Figure 6: GIS analysis of locations of road / water crossings in the Little River watershed.

During their work the PWA located 64 crossings within the Little Watershed, the same number identified in the results of the 2023 GIS analysis noted above.  However, even a cursory comparison of the two shows that even though most of this line up fairly well, the numbers being the same is entirely coincidental. Several of the crossings identified in Figure 6 were not part of the PWA inventory, and likewise quite a few of the crossings that PWA catalogued were not part of the GIS analysis in Figure 6. Given the 115 potential crossings identified in 2014 (63 Paved and 52 unpaved) there were numerous  possibilities for such discrepancies.

The 64 crossings within the Little watershed that the PWA successfully visited and assessed fell into three categories: Bridges (19); Culverts (27); and Not Fish Habitat (18).  Bridges are automatically defined as passable. Not Fish Habitat is fairly self explanatory- a culvert located at a site fish don’t use, so passage upstream of that site is not a cause for concern. The 27 culverts that were identified in the Little Watershed required individual assessment, through which the PWA determined if they were: Passable (9); a Partial Barrier to Passage (5); or a Full Barrier to Passage (13).  Passable culverts were not cause for concern, though Partial and Full Barriers to Passage were identified as problems, and where possible PWA prescribed mitigations. Proposed methods of mitigation identified varied depending upon the nature of the barrier to fish passage.  These ranged from clearing debris, to building vortex rock weirs to raise the water in plunge pools below perched culverts, to modification of flow through the culvert through installation of baffles and / or an outflow chute.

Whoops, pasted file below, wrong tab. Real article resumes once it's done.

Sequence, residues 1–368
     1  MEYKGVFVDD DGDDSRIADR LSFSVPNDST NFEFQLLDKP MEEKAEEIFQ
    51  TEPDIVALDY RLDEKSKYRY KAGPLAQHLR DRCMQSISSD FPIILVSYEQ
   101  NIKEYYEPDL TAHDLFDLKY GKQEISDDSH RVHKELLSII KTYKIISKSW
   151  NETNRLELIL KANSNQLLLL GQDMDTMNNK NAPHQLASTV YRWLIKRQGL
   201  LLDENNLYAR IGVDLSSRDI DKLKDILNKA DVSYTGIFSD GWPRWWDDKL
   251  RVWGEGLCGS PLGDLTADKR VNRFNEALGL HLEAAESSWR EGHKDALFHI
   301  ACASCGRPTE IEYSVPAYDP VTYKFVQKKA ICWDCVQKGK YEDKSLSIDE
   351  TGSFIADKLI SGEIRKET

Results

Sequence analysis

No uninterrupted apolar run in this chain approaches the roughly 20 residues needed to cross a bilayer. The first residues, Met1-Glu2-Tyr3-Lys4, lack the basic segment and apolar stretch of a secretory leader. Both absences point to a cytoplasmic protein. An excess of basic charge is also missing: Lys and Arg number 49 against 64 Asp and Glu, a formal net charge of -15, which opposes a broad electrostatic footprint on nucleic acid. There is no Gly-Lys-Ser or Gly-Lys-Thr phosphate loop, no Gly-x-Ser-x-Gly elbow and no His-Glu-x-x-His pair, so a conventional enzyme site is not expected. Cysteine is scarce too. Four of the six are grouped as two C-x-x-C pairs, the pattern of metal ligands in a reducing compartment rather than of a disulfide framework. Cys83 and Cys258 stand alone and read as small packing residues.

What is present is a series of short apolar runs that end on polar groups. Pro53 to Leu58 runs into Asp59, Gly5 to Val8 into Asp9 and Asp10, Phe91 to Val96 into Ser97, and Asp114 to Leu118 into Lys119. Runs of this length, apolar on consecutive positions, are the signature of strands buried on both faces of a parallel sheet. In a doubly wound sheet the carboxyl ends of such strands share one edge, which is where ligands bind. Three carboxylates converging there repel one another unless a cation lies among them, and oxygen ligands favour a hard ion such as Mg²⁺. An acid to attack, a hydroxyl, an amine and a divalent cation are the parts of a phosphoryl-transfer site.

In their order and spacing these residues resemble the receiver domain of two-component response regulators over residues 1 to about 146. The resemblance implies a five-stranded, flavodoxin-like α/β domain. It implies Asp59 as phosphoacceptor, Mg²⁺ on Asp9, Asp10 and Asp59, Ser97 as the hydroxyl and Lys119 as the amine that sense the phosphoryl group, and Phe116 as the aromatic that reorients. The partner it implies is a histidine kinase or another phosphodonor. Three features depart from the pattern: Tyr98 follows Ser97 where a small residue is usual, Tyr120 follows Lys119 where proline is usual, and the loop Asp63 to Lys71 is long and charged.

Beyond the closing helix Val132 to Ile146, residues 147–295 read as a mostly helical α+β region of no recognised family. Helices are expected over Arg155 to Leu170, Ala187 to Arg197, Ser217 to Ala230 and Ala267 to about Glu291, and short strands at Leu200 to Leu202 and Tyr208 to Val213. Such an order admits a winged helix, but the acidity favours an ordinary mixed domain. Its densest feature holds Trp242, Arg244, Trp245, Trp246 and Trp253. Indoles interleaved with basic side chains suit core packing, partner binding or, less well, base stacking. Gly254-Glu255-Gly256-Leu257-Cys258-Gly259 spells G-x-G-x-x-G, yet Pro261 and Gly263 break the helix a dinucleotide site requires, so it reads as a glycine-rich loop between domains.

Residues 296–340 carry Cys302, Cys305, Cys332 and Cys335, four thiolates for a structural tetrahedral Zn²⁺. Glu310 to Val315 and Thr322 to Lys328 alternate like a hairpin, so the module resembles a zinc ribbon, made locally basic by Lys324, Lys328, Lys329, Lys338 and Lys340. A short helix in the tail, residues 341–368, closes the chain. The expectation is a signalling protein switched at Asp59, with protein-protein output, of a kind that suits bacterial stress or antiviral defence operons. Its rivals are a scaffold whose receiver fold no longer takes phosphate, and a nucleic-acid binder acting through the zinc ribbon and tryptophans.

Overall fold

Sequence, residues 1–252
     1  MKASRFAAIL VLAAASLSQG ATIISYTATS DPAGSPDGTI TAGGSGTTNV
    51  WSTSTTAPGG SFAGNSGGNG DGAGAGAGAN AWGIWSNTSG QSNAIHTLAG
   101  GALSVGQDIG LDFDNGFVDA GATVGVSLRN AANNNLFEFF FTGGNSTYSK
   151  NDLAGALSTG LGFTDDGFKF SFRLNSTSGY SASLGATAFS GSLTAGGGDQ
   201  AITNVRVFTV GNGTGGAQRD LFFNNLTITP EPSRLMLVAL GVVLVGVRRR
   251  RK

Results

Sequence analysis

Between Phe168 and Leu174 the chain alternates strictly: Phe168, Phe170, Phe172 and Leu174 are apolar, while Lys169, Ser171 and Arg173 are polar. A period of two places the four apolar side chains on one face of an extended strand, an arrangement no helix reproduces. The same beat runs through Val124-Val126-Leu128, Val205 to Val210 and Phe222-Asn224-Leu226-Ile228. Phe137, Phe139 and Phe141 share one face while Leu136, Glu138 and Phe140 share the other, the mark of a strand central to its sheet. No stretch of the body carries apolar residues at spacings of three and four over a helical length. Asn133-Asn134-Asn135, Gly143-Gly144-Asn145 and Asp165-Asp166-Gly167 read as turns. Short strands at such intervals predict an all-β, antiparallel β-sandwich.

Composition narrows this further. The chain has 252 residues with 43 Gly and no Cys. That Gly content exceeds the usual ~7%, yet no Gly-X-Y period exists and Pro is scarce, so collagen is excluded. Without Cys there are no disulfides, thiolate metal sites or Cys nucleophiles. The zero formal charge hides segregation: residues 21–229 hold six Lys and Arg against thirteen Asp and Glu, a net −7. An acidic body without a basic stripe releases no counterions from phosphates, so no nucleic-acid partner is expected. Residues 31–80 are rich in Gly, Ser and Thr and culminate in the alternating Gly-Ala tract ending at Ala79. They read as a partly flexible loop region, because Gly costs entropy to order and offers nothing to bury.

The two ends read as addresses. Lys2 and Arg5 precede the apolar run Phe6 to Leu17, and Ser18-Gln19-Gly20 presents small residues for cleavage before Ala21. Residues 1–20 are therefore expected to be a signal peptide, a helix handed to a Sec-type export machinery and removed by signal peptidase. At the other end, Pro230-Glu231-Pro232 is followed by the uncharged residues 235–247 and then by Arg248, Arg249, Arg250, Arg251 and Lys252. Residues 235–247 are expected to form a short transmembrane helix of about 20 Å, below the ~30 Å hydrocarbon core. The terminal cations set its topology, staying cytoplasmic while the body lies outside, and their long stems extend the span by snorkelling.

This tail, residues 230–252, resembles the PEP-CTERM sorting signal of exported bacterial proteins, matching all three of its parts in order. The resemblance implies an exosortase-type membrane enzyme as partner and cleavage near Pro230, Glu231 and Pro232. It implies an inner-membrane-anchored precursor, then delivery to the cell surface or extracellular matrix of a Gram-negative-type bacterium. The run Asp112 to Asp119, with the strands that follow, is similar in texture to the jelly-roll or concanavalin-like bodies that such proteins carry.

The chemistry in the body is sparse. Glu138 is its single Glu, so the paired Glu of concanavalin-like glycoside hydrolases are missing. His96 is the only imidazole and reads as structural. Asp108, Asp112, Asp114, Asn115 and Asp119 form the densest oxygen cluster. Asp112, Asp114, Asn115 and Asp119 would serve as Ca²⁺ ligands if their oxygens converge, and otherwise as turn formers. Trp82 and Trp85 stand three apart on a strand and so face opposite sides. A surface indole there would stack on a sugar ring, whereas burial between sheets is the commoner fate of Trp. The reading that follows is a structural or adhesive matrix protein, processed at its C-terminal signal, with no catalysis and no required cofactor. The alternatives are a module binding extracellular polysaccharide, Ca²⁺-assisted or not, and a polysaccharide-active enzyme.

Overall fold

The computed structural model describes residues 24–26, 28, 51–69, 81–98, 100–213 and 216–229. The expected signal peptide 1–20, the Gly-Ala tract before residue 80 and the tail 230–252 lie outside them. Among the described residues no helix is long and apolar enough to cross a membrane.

Figure 7: Water crossings visited and assessed by the Petitcodiac Watershed Alliance